Youyou Tu, The Woman Who Discovered A Cure For Malaria

Youyou Tu, The Woman Who Discovered A Cure For Malaria

Youyou Tu, who was born in 1930, became the first Chinese woman and citizen to receive any Nobel Prize. She also became the first Chinese citizen to win the Nobel Prize in Physiology and Medicine. Tu, a talented scientist, attempted to develop a solution to stop the spread of malaria in the 1970s. She learned how to extract from the sweet wormwood plant a chemical called artemisinin, which can prevent the parasite that causes malaria. Today, artemisinin is an ingredient in medicines used to treat malaria and save lives. Tu, who received the Nobel Prize in 2015, currently serves as the China Academy of Traditional Chinese Medicine’s Chief Scientist.

Tu was the first Chinese-born recipient of the Lasker award who was born and raised in China, received her education there, and produced all of her work there. Scientists were one of the nine black groups in Chinese society according to Mao’s doctrine in the 1960s and 1970s, when Tu continued her research. This was during China’s Cultural Revolution.

Nevertheless, South Vietnam and the United States were at war with North Vietnam, China’s ally. With chloroquine resistance advancing, malaria was a leading cause of death. The southern Chinese provinces of Hainan, Yunnan, Guangxi, and Guangdong also had a high mortality rate due to malaria. A covert drug research programme was established by Mao Zedong, and it was given the number 523 in honour of the day it began—May 23, 1967. Scientists worldwide had screened over 240,000 compounds without success.

In 1969, when Tu was 39 years old, she came up with the idea of screening Chinese herbs. She started by researching the historical texts of Chinese medicine, went on her own to see elderly Chinese doctors all around the country, and created a notebook called A Collection of “Single Practical Prescriptions for Anti-Malaria.” She recorded 640 prescriptions in her journal. In addition, her team created 380 herbal extracts and examined over 2,000 traditional Chinese recipes. One substance, sweet wormwood (Artemisia annua), which was used for “intermittent fevers,” a defining feature of malaria, was successful.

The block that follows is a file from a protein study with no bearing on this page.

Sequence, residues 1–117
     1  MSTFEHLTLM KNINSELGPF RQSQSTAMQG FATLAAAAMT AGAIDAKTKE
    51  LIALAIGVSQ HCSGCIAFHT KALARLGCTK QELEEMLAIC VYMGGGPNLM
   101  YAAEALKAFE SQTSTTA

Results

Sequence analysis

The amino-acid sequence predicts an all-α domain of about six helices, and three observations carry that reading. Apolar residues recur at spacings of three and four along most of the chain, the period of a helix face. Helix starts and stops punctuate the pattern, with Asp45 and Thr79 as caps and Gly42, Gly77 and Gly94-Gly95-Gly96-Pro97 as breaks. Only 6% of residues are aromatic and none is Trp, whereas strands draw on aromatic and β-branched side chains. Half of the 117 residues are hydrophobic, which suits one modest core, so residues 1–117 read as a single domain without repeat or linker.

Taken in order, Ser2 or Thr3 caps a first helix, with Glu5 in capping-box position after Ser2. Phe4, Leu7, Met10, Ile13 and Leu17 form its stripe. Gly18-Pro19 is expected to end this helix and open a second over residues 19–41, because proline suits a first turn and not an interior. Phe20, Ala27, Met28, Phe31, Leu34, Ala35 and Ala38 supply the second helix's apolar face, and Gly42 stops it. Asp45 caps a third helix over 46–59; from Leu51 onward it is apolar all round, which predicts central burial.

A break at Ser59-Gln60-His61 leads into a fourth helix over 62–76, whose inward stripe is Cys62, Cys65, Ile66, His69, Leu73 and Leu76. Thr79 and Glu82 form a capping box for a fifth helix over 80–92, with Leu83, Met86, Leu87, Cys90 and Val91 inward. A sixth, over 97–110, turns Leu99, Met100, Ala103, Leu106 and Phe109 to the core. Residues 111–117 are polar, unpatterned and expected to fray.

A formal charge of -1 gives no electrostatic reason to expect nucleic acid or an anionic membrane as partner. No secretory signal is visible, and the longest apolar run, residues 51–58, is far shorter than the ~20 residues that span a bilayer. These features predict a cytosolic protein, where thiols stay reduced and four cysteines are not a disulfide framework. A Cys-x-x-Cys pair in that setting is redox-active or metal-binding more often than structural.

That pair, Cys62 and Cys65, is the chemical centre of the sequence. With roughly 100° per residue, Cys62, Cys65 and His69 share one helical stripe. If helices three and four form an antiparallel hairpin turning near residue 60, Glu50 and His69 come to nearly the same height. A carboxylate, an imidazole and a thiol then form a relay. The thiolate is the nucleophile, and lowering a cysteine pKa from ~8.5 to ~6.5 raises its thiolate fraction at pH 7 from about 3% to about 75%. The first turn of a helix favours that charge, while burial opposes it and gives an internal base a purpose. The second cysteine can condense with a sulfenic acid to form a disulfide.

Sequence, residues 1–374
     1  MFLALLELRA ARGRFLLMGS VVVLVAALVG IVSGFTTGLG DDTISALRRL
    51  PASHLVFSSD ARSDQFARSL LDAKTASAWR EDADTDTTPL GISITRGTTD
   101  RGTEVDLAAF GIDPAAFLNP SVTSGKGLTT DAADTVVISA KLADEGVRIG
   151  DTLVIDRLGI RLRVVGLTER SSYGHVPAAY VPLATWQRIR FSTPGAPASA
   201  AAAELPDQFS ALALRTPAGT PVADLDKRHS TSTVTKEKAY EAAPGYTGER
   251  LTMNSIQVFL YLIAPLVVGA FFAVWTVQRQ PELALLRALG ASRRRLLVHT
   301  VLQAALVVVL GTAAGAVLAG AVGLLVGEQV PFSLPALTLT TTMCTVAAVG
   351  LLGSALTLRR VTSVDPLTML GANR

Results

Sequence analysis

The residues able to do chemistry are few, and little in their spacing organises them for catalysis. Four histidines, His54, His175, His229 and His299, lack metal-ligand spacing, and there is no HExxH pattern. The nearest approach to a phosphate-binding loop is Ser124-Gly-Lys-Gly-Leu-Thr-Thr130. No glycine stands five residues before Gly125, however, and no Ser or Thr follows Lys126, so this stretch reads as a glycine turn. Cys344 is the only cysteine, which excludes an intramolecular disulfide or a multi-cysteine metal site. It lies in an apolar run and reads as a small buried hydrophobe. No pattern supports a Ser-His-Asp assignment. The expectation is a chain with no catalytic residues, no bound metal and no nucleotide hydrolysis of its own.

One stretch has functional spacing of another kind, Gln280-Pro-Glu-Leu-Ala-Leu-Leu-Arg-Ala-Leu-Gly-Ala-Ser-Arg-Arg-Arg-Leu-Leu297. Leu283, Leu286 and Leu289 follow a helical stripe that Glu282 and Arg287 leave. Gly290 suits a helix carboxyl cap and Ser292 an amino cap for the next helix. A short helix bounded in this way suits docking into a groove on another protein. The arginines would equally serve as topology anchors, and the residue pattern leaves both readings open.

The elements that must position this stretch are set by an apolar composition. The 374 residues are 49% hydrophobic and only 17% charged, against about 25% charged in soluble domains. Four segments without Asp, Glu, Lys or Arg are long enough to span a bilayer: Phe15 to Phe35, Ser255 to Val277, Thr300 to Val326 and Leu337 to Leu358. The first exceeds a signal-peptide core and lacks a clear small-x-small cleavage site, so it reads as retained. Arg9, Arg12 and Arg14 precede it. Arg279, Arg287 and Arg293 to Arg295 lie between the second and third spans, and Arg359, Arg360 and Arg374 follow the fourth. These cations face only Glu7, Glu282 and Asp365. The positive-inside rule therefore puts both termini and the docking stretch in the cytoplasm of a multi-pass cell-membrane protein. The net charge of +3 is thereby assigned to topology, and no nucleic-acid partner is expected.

Few people are aware that Tu not only found a cure for malaria but also agreed to be the first human test subject. I had the responsibility because I was the leader of this study group, she stated.

Her work was published anonymously in 1977. Tu believes it’s scientists’ responsibility to continue fighting for the healthcare of all humans. She once said, “What I have done is what I should have done in return for the education provided by my country.” She was grateful for the Lasker award, but said, “I feel more reward when I see so many patients cured.”

Education and Career

On December 30, 1930, Tu was born in Ningbo, Zhejiang province, China. She matriculated in the Peking University School of Medicine in 1951. She studied at the Department of Pharmaceutical Sciences, and graduated in 1955. Later Tu was trained for two and a half years in traditional Chinese medicine. Tu worked at the Academy of Chinese Medicine in Beijing after graduation. Only after the Chinese economic reform in 1980 was she elevated to researcher, and in 2001 she was promoted to academic advisor for doctoral candidates. She currently serves as the Academy’s Chief Scientist.

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